New York State Seal
STATE OF NEW YORK
INSURANCE DEPARTMENT
25 BEAVER STREET
NEW YORK, NEW YORK 10004

The Office of General Counsel issued the following informal opinion on September 23, 2002, representing the position of the New York State Insurance Department.

Re: Records Retention by Insurance Brokers – the Use of Document Imaging Technology for Storage Purposes

Question Presented:

Is there a New York State regulation governing an insurance broker’s use of document imaging technology to store insurance records?

Conclusion:

Although there is no insurance regulation which specifically addresses an insurance broker’s use of document imaging technology, there is nothing in the N.Y. Insurance Law or regulations which prohibits an insurance broker from maintaining insurance records using document imaging technology so long as the general record retention and security provisions addressed in the Insurance Law and regulations described in the analysis below are satisfied.

Facts:

ABC Corp. is a systems integrator specializing in document imaging that has clients who are insurance brokers considering document imaging. The inquirer would like to know if there are any New York regulations regarding the use of document imaging technology by insurance brokers that specifically addresses document imaging requirements, retention times, security and optical storage requirements. The inquirer did not describe the nature of the particular document imaging technology to be utilized and his question was very general.

Analysis:

New York State enacted into law in 1999 the Electronic Signatures and Records Act ("ESRA) which is contained in Article I of the State Technology Law (McKinney 2002 Pamphlet). ESRA creates a statutory structure that enables the use of electronic signatures and electronic records in everyday public and business undertakings. Subsequent to the adoption of ESRA, the federal Electronic Signatures in Global and National Commerce Act (15 U.S.C. §§ 7001-7006 ("E-Sign Act") was adopted to permit and encourage the expansion of electronic commerce in interstate and foreign commercial transactions. It is not identical to ESRA but has the same purposes. ESRA has recently been amended by Chapter 314 of the Laws of 2002, effective August 6, 2002, to ensure that the two laws, state and federal, continue to complement each other in achieving their stated purposes, working in tandem to promote the use of electronic technology. The Department supports the integration of electronic commerce into the operations of the insurance industry in the State.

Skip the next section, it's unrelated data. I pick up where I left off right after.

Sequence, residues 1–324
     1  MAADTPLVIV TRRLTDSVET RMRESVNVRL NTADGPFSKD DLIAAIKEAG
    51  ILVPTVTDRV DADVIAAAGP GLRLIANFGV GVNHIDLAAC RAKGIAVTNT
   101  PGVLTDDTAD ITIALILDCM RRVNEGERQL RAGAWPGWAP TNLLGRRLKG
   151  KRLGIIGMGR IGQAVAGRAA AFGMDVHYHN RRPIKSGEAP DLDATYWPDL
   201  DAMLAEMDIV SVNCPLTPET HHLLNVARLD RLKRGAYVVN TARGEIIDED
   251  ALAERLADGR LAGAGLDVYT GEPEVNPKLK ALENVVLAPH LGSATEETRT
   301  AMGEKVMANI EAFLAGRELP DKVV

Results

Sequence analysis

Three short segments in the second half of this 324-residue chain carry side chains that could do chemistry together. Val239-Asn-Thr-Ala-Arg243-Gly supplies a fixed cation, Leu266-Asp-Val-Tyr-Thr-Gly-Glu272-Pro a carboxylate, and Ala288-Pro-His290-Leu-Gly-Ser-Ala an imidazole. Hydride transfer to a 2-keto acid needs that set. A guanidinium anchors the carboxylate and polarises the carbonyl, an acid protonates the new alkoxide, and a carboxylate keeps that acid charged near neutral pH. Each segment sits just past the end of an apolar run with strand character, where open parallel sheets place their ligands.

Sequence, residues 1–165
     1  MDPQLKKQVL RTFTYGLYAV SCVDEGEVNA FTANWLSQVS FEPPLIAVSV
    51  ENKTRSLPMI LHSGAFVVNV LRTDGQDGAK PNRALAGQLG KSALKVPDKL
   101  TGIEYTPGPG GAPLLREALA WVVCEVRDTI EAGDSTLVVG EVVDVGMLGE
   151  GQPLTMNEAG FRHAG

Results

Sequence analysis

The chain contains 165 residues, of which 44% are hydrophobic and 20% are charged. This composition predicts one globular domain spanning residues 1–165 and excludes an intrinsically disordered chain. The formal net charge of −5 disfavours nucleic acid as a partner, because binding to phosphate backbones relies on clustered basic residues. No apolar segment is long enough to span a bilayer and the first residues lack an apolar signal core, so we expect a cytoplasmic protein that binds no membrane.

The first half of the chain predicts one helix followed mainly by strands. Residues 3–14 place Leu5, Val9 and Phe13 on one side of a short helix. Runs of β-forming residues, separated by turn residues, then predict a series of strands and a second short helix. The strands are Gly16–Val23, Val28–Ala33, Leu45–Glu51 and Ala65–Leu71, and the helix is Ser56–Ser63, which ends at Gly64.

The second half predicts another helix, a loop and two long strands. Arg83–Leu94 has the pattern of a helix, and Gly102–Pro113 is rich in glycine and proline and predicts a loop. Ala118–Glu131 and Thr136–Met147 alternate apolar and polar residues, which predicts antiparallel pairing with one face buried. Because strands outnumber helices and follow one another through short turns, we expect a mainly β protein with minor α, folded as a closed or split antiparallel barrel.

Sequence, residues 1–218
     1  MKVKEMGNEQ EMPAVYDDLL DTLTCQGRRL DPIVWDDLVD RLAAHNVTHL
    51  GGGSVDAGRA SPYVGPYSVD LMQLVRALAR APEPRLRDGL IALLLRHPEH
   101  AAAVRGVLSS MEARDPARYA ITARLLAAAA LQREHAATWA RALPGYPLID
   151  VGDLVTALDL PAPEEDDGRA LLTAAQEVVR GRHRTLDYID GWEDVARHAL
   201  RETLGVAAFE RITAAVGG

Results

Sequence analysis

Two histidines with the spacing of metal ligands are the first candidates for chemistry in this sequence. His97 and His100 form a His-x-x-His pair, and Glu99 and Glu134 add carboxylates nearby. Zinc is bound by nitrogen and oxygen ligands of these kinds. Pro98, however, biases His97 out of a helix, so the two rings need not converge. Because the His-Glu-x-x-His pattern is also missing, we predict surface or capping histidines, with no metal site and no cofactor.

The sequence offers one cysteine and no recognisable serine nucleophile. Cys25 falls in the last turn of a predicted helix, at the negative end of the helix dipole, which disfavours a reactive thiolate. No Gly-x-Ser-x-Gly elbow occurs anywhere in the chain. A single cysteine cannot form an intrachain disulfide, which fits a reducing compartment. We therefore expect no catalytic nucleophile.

There is nothing either in the New York Insurance Law nor the regulations promulgated thereunder which prohibits an insurance broker from maintaining insurance records in an electronic medium through the application of a technology such as document imaging. There are certain provisions of the Insurance Law, such as § 2119(a),(b) and (c) (McKinney 2000) that require certain records to be in writing and that copies be maintained for specified periods of time. However, it is the position of the Department that such statutes that utilize the word "writing" permit electronic documents. See, Circular Letter No. 33 (1999) that can be viewed on the Department’s Web site at www.ins.state.ny.us. The required retention period is the same for electronic documents as for hard copies.

There is no Insurance Department regulation that specifically addresses the use of electronic technology by an insurance broker. However, as to the maintenance of records by insurance brokers by the use of document imaging technology, the Department has previously taken a position in a letter dated May 17, 1999. In it, the Department suggested that an insurance broker maintain its records in a "durable medium" as defined in N.Y. Comp. Codes R. & Regs. tit. 11 § 243.1(c) (Regulation 152), which regulation establishes rules for the retention of records by insurance companies, so that they remain accessible to the Superintendent for examination purposes. Furthermore, the insurance broker should take reasonable precautions for safeguarding their insurance records and protecting them against the falsification of the information contained in the record.

We further suggest that the inquirer’s New York licensed insurance broker clients also consider how they must maintain their insurance records, which are stored by means of document imaging technology, in order to comply with their responsibilities under the following regulations. Licensees, as that term is defined in N.Y. Comp. Codes R. & Regs. tit. 11 § 420.3(p)(1) (Regulation 169), includes insurance brokers. Regulation 169 requires that licensees protect the privacy of a customer’s nonpublic personal financial and health information. N.Y. Comp. Codes R. & Regs. tit.11 Part 421 (Regulation 173) establishes standards for developing and implementing administrative, technical and physical safeguards to protect the security, confidentiality and integrity of a customer’s nonpublic personal information. Insurance brokers must comply with the information protection requirements contained in the foregoing regulations whether they retain records containing such protected information in hard copy or electronic format.

For further information you may contact Associate Attorney Barbara A. Kluger at the New York City Office.